Skip to main content

Things You Need to Consider When You Are About to Retire

Published September 24, 2020

5 minute read

David Ning

By David Ning

Hopefully your retirement is a lifelong goal you (and potentially your spouse) are working towards. Or maybe it’s a scary transition you have no idea if you are ready for. Regardless, it can be difficult to figure out the perfect time to actually quit work for good. If you are nearing the end of your career, here are several factors you will want to consider when deciding which year will be the start of your golden year.

Your Age Matters (Obviously)

Unless you planned (and saved) for an early retirement, age will play an important factor in your ability to retire. You won’t be able to access your 401(k) from your current employer unless you retire after you turn 55. Other retirement accounts are often even more restrictive. You likely can’t touch those before you turn 59 and a half. Furthermore, you won’t be eligible for Social Security benefits until at least 62. So unless you have a huge stash of other savings lying around, it will be hard to quit working before that.

That being said, it makes much more sense to work beyond those ages. It will help make sure your retirement income takes good care of you for the rest of your life, in most cases. Every year you delay Social Security increases your monthly benefit by eight percent. Furthermore, keeping your retirement accounts untouched just means they have more time to grow.

Your Post-Retirement Plans Need to be Ready

It’s a big mistake to enter into retirement without a specific plan for how you will spend your new-found time. Suddenly ending the career that defined you can be a major shock. Sadly, depression sets in for more recent retirees than society would like to admit. Even if you’re planning on doing some part-time work after you finish your career, it pays to remember that you are not necessarily guaranteed part-time employment.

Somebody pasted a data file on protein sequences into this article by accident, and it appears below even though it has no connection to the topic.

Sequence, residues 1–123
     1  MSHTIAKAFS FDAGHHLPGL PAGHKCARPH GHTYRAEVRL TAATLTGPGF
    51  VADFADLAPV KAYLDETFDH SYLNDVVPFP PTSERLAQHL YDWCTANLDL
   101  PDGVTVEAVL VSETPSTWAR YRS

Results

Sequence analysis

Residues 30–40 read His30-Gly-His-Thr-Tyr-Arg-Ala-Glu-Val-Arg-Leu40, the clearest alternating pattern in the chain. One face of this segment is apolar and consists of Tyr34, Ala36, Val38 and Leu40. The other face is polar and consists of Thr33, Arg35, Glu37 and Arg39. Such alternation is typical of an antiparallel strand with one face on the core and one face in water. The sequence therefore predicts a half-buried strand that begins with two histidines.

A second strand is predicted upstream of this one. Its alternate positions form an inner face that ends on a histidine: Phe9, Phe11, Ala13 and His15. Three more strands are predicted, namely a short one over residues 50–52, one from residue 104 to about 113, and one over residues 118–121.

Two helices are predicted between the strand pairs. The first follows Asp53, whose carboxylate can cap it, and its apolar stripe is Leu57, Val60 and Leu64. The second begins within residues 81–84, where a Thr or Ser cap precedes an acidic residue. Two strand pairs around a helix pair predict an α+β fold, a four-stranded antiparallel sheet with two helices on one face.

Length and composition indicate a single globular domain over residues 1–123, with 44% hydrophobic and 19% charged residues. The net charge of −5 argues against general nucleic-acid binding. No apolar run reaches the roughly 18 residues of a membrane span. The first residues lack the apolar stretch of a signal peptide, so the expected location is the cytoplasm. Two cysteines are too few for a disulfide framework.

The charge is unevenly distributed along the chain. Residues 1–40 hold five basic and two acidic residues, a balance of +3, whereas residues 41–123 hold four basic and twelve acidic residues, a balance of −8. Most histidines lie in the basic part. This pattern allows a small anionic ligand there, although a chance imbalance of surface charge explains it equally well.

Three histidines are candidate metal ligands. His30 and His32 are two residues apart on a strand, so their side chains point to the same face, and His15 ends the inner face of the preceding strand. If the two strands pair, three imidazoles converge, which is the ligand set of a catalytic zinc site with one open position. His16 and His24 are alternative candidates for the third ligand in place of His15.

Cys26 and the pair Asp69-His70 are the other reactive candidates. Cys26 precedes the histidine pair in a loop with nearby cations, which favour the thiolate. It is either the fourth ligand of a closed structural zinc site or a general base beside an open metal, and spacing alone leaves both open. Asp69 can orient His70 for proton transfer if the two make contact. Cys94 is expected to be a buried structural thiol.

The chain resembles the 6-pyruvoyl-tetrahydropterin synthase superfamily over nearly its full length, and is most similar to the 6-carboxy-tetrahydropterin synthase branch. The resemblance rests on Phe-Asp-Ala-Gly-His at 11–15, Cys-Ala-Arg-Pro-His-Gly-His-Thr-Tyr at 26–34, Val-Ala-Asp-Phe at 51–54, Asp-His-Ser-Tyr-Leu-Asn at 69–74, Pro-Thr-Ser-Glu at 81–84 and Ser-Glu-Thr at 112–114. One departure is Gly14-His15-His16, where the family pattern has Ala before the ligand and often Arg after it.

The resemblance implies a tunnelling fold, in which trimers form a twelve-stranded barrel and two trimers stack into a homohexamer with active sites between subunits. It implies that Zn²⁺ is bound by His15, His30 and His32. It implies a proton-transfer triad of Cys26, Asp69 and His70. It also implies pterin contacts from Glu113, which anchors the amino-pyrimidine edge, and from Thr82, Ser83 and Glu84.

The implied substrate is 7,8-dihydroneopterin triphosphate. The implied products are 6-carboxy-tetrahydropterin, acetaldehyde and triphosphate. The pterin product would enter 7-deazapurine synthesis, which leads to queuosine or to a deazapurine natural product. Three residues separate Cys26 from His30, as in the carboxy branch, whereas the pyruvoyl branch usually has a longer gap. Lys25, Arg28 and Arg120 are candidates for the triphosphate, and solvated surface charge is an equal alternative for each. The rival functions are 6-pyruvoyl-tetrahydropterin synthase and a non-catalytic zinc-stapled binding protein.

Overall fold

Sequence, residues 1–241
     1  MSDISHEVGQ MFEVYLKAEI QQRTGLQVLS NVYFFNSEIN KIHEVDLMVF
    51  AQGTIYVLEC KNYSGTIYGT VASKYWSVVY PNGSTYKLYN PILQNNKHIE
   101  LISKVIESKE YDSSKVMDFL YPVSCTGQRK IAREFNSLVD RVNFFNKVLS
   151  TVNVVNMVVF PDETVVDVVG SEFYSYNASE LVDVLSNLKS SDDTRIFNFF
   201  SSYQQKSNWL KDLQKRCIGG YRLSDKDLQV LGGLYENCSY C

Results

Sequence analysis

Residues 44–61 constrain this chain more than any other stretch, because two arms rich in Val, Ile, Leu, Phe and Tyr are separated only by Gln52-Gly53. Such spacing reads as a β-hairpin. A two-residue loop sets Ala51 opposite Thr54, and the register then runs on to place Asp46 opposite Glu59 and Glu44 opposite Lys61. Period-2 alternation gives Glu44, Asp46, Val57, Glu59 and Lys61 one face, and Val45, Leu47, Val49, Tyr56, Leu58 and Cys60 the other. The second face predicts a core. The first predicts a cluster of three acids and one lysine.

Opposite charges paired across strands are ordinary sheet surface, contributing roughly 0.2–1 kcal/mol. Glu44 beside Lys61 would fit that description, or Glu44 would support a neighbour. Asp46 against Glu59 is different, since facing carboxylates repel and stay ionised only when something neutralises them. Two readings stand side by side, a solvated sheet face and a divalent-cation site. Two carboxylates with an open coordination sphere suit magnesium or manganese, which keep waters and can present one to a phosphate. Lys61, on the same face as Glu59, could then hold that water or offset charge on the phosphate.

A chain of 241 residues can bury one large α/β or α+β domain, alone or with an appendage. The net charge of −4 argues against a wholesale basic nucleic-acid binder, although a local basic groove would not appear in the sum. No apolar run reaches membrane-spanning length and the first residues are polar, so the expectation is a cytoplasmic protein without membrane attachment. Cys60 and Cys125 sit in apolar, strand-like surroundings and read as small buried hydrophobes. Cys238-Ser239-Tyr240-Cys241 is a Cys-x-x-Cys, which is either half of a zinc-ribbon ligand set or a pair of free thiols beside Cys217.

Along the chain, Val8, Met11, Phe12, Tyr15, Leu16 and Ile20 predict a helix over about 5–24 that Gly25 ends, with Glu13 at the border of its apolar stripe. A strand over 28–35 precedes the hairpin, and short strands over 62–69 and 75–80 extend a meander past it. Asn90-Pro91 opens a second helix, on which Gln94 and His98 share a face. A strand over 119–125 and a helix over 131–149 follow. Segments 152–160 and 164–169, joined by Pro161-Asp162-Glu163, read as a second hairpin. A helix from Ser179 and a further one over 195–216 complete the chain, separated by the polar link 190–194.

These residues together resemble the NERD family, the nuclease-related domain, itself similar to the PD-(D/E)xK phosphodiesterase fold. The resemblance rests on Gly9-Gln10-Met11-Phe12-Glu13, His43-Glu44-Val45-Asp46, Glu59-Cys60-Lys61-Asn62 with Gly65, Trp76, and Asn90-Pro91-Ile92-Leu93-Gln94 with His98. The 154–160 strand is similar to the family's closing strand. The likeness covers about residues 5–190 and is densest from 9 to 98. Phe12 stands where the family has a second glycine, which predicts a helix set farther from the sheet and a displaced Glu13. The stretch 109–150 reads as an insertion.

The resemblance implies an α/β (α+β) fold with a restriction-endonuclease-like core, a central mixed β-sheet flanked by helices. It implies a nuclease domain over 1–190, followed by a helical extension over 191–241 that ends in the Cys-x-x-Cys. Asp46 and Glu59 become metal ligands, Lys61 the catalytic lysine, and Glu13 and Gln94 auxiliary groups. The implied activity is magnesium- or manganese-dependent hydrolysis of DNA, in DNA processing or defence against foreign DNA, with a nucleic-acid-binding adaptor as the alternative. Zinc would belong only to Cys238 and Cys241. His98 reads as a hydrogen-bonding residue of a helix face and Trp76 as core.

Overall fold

A better way to prepare for retirement is to find a way to wind down your career while you start exploring your post-retirement options. If you’re able to work part-time or shift your schedule for your last few years of work, it can help you make a smooth transition. Hopefully you’ve already filled some of free time with new hobbies, helping you adapt to your “new normal” much easier.

Your Nest Egg

Before you start talking about retirement, make sure to speak with your financial advisor about the transition. It’s a huge mistake to retire with less than you’ll need and then just hope for the best from the market. Make sure you know exactly how big that nest egg will have to be. Then work to find a way to get there. Assuming that you can simply pick the right stocks and make up the difference with savvy investments is a good way to ruin your finances. Unfortunately, people fall into this trap all the time. Don’t join the club!

You’ll also need to come up with a strategy to withdraw money from your nest egg. After all, a retiree with simple index stock and bond funds will make withdrawals that are vastly different than the person someone who’s invested in individual growth stocks that throws off no dividends.

Remember that if you want to switch strategies, selling at a gain can mean that you need years of planning in order to reduce tax liabilities.

Sometimes There’s a Perfect Time to Retire

Some people hit a mini-lottery when they are very close to retirement age and get offered a severance package because their employer wants to downsize. Others retire when the major work project they are a part of is finally delivered. Can you see a window of opportunity to gracefully exit your position while keeping everybody happy? You may not really care much since you are thinking of quitting for good. However, exiting on good terms leaves the door open for you — just in case you want (or need) to work with them in some capacity in the future.

Don’t just look for convenient opportunities in the workplace either. Many people choose to work until their kids are through school. Paying for your kids’ college expenses can be quite draining on your finances. Plenty of parents decide to remain in the workforce at least until the tuition bills stop coming.